Hey, wait: That’s my Napkin of Shame


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‘Ask not for whom the Napkin of Shame comes. Sooner or later, it will come for you.’

I don’t know how this Nov. 20 item by Frank Bruni on the New York Times’ Diner’s Journal blog got by me (especially because it was blogged to death by other food bloggers), but once I saw it, I was riveted in the way only authorial pride can rivet. ‘I suppose I knew it already,’ Bruni wrote, ‘but a recent visit to the restaurant Fiamma in SoHo hammered home this lesson: Ask not for whom the Napkin of Shame comes. Sooner or later, it will come for you.


‘What in the world am I talking about?’ Bruni continued. ‘What’s up with this upper case Napkin and why is it a badge of uppercase Shame? Excellent questions, with answers that have nothing to do with keyboard problems.The Napkin of Shame, as I have come to think of it, is part of a fancy-restaurant ritual I’ve never made peace with. The Napkin of Shame is what a server carries to a table on which a section of the cloth has been splashed with sauce or speckled with wine. A server unfurls the Napkin of Shame and stretches it over the soiled terrain, a bit of patchwork that makes the table look clean again.’

Very nicely said, Mr. Bruni. But that’s my Napkin of Shame. At least I wrote about it, upper case and all, in my 1999 book ‘American Appetite.’ OK, so the book is out of print, so it won’t be so easy for you to check it out. Touché. Anyway, it’s right there on page 266. I included it as part of an anecdote about my husband being made to borrow a restaurant tie at Bouley in New York. ‘And there’s nothing more embarrassing,’ I concluded, ‘than a restaurant tie, unless it’s receiving the Napkin of Shame.’ (Note the use of upper case.) Then there’s a footnote, explaining what it is.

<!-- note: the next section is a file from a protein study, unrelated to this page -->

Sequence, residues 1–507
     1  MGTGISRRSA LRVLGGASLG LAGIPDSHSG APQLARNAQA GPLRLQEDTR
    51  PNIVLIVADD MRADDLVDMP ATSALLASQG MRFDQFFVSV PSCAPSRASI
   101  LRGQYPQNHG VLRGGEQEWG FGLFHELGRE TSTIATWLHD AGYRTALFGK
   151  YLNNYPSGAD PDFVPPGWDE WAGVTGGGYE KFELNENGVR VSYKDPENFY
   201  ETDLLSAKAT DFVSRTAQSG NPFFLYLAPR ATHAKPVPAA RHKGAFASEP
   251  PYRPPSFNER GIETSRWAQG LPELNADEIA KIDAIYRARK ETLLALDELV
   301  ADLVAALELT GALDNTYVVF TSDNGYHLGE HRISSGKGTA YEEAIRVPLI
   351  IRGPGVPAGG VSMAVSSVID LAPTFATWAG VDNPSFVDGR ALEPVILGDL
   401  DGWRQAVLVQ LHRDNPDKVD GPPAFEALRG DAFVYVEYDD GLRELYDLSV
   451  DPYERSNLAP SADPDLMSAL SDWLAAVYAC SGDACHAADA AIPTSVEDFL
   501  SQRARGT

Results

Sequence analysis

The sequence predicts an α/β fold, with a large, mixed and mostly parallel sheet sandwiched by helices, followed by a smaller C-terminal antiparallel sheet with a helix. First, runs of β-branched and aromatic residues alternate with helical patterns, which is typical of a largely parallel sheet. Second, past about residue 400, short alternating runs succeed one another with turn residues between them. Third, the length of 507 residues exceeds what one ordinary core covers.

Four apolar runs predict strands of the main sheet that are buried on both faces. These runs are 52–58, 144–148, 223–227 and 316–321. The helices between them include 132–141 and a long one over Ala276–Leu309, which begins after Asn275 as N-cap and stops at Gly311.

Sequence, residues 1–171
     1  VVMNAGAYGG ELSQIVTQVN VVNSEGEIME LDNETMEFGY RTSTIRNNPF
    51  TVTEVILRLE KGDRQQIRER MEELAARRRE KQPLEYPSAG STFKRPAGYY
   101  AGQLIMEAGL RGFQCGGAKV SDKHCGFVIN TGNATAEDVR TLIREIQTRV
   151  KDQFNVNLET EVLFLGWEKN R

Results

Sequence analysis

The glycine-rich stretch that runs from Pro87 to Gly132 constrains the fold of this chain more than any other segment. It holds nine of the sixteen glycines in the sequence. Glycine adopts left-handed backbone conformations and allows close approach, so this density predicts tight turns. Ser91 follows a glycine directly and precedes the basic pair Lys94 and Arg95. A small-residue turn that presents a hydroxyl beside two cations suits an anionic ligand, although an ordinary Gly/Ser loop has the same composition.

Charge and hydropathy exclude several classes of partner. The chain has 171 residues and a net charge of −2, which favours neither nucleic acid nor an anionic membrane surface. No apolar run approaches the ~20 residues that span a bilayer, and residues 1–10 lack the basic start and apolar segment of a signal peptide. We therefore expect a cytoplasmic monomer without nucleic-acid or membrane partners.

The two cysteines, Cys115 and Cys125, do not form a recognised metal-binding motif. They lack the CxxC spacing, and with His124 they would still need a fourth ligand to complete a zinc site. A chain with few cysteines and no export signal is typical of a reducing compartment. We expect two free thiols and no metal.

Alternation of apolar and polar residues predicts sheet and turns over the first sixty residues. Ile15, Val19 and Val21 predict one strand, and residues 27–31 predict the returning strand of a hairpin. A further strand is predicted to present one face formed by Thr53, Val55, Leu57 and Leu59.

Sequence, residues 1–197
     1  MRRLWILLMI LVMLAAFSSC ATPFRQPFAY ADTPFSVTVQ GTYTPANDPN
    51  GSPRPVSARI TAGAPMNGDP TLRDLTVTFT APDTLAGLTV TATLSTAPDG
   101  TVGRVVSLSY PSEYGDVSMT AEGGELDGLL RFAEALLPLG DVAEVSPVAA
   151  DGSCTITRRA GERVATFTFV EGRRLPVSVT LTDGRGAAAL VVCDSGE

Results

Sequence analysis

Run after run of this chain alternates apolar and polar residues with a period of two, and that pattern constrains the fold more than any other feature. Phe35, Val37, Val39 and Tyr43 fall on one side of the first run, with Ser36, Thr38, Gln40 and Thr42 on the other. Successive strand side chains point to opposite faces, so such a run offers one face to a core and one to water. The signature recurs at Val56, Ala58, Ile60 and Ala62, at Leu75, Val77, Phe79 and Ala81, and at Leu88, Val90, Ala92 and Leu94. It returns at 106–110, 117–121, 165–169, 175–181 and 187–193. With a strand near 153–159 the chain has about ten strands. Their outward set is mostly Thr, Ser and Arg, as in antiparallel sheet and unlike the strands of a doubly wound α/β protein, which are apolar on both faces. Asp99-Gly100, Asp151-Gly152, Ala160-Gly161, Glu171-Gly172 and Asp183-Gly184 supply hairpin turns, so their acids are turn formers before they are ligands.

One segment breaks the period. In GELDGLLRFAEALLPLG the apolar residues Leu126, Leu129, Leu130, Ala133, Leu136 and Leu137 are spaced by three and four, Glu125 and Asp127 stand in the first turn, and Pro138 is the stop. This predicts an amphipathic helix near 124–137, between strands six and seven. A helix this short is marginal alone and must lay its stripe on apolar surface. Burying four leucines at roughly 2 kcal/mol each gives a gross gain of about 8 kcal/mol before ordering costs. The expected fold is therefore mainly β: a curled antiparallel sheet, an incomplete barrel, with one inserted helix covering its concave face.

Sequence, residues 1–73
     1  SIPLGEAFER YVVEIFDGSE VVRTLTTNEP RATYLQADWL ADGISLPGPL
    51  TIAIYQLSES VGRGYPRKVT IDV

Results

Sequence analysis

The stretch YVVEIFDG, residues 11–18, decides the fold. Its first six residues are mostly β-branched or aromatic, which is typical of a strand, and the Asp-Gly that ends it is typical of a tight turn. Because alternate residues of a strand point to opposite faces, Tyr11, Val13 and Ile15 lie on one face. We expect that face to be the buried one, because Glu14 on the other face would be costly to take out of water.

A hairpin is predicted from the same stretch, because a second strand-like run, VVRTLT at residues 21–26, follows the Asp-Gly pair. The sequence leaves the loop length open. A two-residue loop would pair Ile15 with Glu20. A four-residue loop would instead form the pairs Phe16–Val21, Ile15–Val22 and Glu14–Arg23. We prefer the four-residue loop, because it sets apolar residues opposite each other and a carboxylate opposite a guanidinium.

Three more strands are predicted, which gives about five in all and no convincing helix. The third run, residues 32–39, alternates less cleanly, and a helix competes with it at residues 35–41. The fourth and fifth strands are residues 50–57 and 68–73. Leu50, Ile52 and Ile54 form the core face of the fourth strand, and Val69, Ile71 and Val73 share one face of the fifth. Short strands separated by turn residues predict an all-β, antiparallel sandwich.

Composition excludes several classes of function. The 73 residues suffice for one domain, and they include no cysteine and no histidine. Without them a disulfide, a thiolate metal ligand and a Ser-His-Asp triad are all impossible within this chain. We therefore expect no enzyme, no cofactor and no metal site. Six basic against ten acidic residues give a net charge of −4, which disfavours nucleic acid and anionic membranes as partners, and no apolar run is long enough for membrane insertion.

Yes, I know that ideas are out there in the collective unconscious, and that the same idea can occur to dozens of people at once. That’s why I expected that if I Googled the phrase, I’d get a grillion hits. But I didn’t -- I just got 423, and almost all of them referred to Bruni’s item. (One leads to a blog called Ashkeling, on which an undated entry recounts a visit to El Bulli in which the Napkin of Shame is called upon to cover up some kind of basil foam incident. Another refers to an Amazon reader review of my book -- see! I’m not making it up.) I’m not suggesting Mr. Bruni ever read my book -- hardly anyone did, or it wouldn’t be out of print! But you have to admit, that’s some coincidence.

It’s probably my own fault, because here’s a confession: It’s my mom who first conjured the phrase, years before ‘American Appetite’ was published. Yes, Mom, I should have attributed it to you. As penance, next time I’m in a white-tablecloth restaurant, I’ll purposely spill my wine and suffer the Napkin of Shame as penance. Until then, I think it belongs to Frank Bruni.

-- Leslie Brenner